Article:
• 9. Number 6 NCCLS Additionally, the document provides a brief overview of the various antimicrobial classes and mechanisms of resistance to them, including specific tests for antimicrobial resistance. 1.2 Indications for Performing Susceptibility Testing Susceptibility testing is indicated for any bacterial pathogen that contributes to an infectious process requiring antimicrobial agent intervention, if its susceptibility cannot be reliably predicted from knowledge of the organism’s identity. Susceptibility tests are most often indicated when the causative organism is thought to belong to a bacterial species capable of possessing resistance mechanisms to commonly used antimicrobial agents. Mechanisms of resistance include production of drug-inactivating enzymes, alteration of drug targets, and altered uptake or efflux. Some organisms still have predictable susceptibility to antimicrobial agents, and empiric therapy is widely recognized. Susceptibility tests are seldom necessary when the infection is due to a microorganism known to be highly susceptible to a specific drug and to which resistance has not been reported (e.g., the continued susceptibility of Arcanobacterium pyogenes to penicillin). Susceptibility tests are also important in studies of the epidemiology of resistance and in studies of new antimicrobial agents. Colonies of each type of bacterial pathogen isolated from an infectious disease process should be selected from primary agar plates and tested for susceptibility. A statistical model for assessing sample size for bacterial colony selection has been proposed.4 Identification procedures are often performed at the same time as in vitro susceptibility tests. Mixtures of different types of microorganisms should not be tested on the same susceptibility test plate. The practice of conducting susceptibility tests directly with clinical material (e.g., normally sterile body fluids and urine) should be avoided. When the nature of the infection is not clear and the specimen contains mixed growth or normal flora, in which the organisms probably bear little relationship to the infectious process being treated, susceptibility tests are often unnecessary, and the results may be misleading and result in incorrect therapy. 1.3 Performance Standards for Disk Diffusion Antimicrobial Susceptibility Tests for Bacteria That Grow Aerobically In many veterinary diagnostic laboratories, the agar disk diffusion method is used for testing the common, rapidly growing bacterial pathogens. If results are to be reliable, the technical details of such procedures must be carefully standardized and controlled. Agar disk diffusion methods based solely on the presence or absence of a zone of inhibition, without regard to its magnitude as an indicator of the organism's susceptibility to the drug being tested, are not acceptable. The standardized method currently recommended by the NCCLS Subcommittee on Veterinary Antimicrobial Susceptibility Testing for agar disk diffusion testing was adapted from those methods in NCCLS document M2—Performance Standards for Antimicrobial Disk Susceptibility Tests, originally described by Bauer, et al.5 This is the most completely described method for which interpretive standards have been developed and supported by clinical and laboratory data. Reliable results can be obtained with disk diffusion tests that use standardized methodology and zone diameter measurement. These results may be correlated with minimal inhibitory concentration (MIC) among clinically susceptible and resistant species. Caution is urged if one attempts to use a regression line analysis to extrapolate MIC values from measurements of zones of inhibition because, in some cases, the relationship, while mathematically correct, cannot always be considered comparable to an MIC derived by actual dilution testing for a given isolate (see NCCLS document M37— Development of In Vitro Susceptibility Testing Criteria and Quality Control Parameters for Veterinary Antimicrobial Agents). An NCCLS global consensus standard. ©NCCLS. All rights reserved. 2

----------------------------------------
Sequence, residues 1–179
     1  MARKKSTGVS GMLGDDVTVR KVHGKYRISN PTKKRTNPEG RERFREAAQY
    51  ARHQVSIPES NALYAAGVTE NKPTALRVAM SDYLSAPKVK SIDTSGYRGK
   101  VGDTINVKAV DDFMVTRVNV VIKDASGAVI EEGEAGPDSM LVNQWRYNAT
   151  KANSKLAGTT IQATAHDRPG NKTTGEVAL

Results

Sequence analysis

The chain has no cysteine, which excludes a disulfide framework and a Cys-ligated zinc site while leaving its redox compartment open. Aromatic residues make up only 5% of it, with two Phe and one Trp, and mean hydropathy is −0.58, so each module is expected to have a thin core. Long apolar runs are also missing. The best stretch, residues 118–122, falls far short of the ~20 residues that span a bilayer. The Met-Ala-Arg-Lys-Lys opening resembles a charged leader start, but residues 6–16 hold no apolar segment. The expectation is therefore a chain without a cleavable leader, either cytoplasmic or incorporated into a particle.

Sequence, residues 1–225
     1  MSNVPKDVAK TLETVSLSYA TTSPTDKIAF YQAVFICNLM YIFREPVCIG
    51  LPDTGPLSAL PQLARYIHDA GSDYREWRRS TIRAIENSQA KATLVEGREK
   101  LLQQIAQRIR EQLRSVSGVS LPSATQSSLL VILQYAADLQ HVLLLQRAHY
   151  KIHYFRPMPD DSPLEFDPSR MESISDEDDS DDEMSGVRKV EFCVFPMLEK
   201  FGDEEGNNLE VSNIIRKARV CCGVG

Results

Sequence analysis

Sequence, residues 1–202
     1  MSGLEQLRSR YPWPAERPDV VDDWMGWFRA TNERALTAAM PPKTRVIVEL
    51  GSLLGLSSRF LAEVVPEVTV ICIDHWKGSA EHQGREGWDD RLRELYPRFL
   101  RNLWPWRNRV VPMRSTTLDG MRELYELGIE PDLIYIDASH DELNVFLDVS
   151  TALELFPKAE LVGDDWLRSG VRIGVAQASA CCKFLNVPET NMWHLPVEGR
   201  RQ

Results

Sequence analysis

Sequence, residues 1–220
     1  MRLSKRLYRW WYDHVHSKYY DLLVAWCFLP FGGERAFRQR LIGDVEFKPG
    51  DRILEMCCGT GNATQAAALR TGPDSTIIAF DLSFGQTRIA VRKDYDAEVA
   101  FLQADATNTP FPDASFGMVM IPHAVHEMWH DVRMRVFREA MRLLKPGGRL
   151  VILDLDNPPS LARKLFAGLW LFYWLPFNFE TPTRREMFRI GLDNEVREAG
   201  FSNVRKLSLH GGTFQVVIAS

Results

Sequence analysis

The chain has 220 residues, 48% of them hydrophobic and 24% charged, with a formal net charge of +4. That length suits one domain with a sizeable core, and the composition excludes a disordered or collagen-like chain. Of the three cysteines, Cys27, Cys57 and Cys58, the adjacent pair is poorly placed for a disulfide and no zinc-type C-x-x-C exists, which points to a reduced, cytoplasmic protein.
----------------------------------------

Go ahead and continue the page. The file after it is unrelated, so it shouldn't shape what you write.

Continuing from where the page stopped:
• 10. Number 6 NCCLS Related NCCLS Publications* M2-A7 Performance Standards for Antimicrobial Disk Susceptibility Tests; Approved Standard—Seventh Edition (2000). This document provides current recommended techniques for disk susceptibility testing, and new frequency criteria for quality control testing. M6-A Protocols for Evaluating Dehydrated Mueller-Hinton Agar; Approved Standard (1996). This standard contains procedures for evaluating production lots of Mueller- Hinton agar, and for the development and application of reference media. M7-A5 Methods for Dilution Antimicrobial Susceptibility Tests for Bacteria That Grow Aerobically; Approved Standard —Fifth Edition (2000). This document provides updated reference methods for the determination of minimal inhibitory concentrations (MICs) for aerobic bacteria by broth macrodilution, broth microdilution, and agar dilution. M11-A5 Methods for Antimicrobial Susceptibility Testing of Anaerobic Bacteria; Approved Standard—Fifth Edition (2001). This document provides reference methods for the determination of minimal inhibitory concentrations (MICs) of anaerobic bacteria by broth macrodilution, broth microdilution and agar dilution. Interpretive and quality control tables are included. M23-A2 Development of In Vitro Susceptibility Testing Criteria and Quality Control Parameters; Approved Guideline—Second Edition (2001). This document addresses the required and recommended data needed for the selection of appropriate interpretative standards and quality control guidelines for new antimicrobial agents. M37-A2 Development of In Vitro Susceptibility Testing Criteria and Quality Control Parameters for Veterinary Antimicrobial Agents; Approved Guideline—Second Edition (2002). This document addresses the recommended data needed for selection of appropriate interpretative standards and quality control guidelines for new veterinary antimicrobial agents. M39-A Analysis and Presentation of Cumulative Antimicrobial Susceptibility Test Data; Approved Guideline (2002). This document describes methods for the recording and analysis of antimicrobial susceptibility test data, consisting of cumulative and ongoing summaries of susceptibility patterns of epidemiologically significant microorganisms. M100-S12 Performance Standards for Antimicrobial Susceptibility Testing; Twelfth Informational Supplement (2002). This document provides updated tables for the NCCLS antimicrobial susceptibility testing standards M2-A7 and M7-A5. NRSCL8-A Terminology and Definitions for Use in NCCLS Documents; Approved Standard (1998). This document provides standard definitions for use in NCCLS standards and guidelines, and for submitting candidate reference methods and materials to the National Reference System for the Clinical Laboratory (NRSCL). * Proposed- and tentative-level documents are being advanced through the NCCLS consensus process; therefore, readers should refer to the most recent editions. An NCCLS global consensus standard. ©NCCLS. All rights reserved. 80